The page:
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Relaxations to the statutory residence tax rules should be made permanent for the national interest

Specialist skilled workers should not be caught by the UK’s tax rules if it’s in the national interest, and relaxations to the UK’s statutory residence tax rules should be made permanent, says Nimesh Shah.

The Government were right to make tax changes after James Dyson wrote to the Treasury at the start of the pandemic last year. Tax should never have got in the way of a critical national cause.

Tax rules are there to ensure the right amount of tax is collected by the Treasury. Tax should not act as a barrier and stop necessary resources coming to the UK when needed and delivering wider social and economic benefits for the country.

James Dyson wrote to the Treasury expressing concern that members of his team normally based outside of the UK would get caught in the UK’s tax rules if they came to work in the UK to support the development of much-needed ventilators.

Dyson’s request was granted when the Chancellor, Rishi Sunak, announced on 9 April 2020 a temporary and limited exception to the UK’s ‘statutory residence test’ – this is the tax law which determines whether an individual is tax resident or not in the UK.

Sunak confirmed the rules would be changed to effectively ignore any time spent in the UK by someone between March and June, who were working on the UK’s efforts against the COVID-19 pandemic. At the time, the Chancellor specifically highlighted Anaesthetists and Engineers working on ventilator design and production as examples of individuals that would benefit from the exemption.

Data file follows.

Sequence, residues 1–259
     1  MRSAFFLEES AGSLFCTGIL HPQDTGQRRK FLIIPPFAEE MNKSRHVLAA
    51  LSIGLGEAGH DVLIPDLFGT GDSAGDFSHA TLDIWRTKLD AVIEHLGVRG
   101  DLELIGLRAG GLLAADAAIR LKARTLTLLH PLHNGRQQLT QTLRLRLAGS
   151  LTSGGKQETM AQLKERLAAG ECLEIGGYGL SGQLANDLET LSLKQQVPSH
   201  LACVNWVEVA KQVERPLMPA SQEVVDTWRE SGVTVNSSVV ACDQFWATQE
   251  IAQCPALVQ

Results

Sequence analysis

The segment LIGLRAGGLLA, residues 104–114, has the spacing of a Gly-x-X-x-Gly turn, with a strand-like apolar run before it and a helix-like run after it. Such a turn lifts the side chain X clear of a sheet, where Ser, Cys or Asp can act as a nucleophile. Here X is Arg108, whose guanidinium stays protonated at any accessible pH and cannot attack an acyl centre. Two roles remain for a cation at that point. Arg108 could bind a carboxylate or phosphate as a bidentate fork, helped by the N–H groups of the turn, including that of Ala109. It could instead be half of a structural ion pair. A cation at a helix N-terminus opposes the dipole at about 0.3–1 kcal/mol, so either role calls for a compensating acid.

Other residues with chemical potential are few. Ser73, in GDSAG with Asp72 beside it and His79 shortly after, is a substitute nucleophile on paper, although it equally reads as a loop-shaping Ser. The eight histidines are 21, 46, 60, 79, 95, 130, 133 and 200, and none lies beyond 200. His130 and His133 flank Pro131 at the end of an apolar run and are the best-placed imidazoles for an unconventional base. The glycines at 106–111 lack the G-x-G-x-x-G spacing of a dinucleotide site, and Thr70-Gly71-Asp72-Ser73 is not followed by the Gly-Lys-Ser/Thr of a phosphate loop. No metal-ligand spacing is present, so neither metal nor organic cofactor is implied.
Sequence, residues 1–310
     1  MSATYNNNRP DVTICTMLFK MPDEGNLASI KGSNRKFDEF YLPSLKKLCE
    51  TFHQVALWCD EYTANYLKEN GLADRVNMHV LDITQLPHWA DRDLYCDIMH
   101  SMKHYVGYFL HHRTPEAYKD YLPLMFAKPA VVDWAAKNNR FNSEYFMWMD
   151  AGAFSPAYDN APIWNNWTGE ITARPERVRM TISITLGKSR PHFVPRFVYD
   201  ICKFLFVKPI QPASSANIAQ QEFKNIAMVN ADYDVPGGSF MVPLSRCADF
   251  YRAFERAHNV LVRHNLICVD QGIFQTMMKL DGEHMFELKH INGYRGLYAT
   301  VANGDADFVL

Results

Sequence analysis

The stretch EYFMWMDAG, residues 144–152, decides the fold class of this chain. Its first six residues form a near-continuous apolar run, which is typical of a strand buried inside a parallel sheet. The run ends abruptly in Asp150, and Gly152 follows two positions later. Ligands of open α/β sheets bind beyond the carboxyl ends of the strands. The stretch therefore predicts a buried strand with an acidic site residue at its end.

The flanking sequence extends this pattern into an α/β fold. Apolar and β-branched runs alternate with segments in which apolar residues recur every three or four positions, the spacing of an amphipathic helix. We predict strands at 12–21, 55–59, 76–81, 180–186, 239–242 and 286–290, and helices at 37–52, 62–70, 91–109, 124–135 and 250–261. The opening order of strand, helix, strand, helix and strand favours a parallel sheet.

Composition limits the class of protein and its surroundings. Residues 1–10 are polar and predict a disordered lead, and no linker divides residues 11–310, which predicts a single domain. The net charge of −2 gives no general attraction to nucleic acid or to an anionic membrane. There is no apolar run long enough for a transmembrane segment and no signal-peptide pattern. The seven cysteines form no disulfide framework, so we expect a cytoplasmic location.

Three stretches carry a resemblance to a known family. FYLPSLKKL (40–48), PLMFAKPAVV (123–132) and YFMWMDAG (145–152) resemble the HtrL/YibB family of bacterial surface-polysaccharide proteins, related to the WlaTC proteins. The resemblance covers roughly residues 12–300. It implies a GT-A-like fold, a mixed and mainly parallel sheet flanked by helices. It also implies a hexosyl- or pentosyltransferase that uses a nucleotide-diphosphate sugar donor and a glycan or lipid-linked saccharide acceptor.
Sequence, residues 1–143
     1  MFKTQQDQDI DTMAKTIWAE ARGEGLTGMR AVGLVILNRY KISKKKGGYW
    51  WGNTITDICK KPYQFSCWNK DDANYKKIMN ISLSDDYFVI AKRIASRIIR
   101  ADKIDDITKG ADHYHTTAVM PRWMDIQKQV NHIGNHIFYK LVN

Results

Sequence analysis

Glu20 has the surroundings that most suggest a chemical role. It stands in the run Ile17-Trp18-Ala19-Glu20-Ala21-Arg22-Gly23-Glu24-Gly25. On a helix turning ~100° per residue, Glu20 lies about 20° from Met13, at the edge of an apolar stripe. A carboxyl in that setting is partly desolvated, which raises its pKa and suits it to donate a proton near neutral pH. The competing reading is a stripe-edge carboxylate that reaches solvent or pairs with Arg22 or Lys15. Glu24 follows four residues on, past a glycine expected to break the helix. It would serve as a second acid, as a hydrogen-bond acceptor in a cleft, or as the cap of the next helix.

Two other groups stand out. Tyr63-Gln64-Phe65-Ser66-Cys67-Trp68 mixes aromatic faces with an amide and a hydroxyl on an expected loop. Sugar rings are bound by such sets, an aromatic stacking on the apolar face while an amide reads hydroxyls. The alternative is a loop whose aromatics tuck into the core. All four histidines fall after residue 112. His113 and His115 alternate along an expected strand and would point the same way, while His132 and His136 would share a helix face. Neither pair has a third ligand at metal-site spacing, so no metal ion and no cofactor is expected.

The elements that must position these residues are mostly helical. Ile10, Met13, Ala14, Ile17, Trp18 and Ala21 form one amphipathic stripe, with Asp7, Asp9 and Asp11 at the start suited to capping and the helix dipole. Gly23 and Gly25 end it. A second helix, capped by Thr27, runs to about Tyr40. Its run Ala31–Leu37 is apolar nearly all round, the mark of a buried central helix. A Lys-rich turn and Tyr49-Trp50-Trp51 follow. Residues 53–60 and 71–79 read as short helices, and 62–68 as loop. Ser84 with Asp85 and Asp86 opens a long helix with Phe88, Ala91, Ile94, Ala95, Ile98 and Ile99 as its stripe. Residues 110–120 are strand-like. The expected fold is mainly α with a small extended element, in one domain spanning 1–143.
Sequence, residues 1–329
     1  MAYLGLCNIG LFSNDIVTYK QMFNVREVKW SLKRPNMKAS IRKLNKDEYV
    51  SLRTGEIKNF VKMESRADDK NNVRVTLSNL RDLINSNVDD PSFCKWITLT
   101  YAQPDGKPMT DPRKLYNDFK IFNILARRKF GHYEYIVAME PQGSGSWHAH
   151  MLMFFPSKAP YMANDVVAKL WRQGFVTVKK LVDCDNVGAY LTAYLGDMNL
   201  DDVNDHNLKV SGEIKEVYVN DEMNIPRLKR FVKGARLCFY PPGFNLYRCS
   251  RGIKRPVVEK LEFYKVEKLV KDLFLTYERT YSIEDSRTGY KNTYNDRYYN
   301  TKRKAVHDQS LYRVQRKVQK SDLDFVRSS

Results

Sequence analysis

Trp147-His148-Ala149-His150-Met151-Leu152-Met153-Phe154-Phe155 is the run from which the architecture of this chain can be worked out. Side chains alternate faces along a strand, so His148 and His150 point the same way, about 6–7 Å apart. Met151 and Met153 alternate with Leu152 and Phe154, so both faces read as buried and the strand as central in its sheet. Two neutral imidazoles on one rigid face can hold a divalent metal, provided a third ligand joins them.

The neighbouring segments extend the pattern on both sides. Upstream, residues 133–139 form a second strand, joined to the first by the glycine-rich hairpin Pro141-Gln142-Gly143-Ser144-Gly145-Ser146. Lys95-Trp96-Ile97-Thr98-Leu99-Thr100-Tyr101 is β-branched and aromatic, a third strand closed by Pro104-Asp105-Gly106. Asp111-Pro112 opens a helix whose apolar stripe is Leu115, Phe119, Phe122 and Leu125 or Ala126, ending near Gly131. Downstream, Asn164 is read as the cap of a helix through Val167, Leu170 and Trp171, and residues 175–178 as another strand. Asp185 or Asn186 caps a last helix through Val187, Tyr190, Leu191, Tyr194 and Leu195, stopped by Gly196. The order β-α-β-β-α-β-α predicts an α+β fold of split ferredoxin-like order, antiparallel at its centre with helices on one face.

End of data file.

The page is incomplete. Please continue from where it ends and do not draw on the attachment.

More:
The situation leads to the question of whether such a change should be made permanent in the UK’s tax legislation, so that highly specialised skilled workers can freely come to the UK to support the Government and key businesses on projects of national interest and significance without becoming unknowingly caught in the UK tax system.

At times outside of a global pandemic, a pre-clearance procedure could be established by HM Revenue & Customs so that individuals have certainty over their UK tax status before setting foot in the UK.

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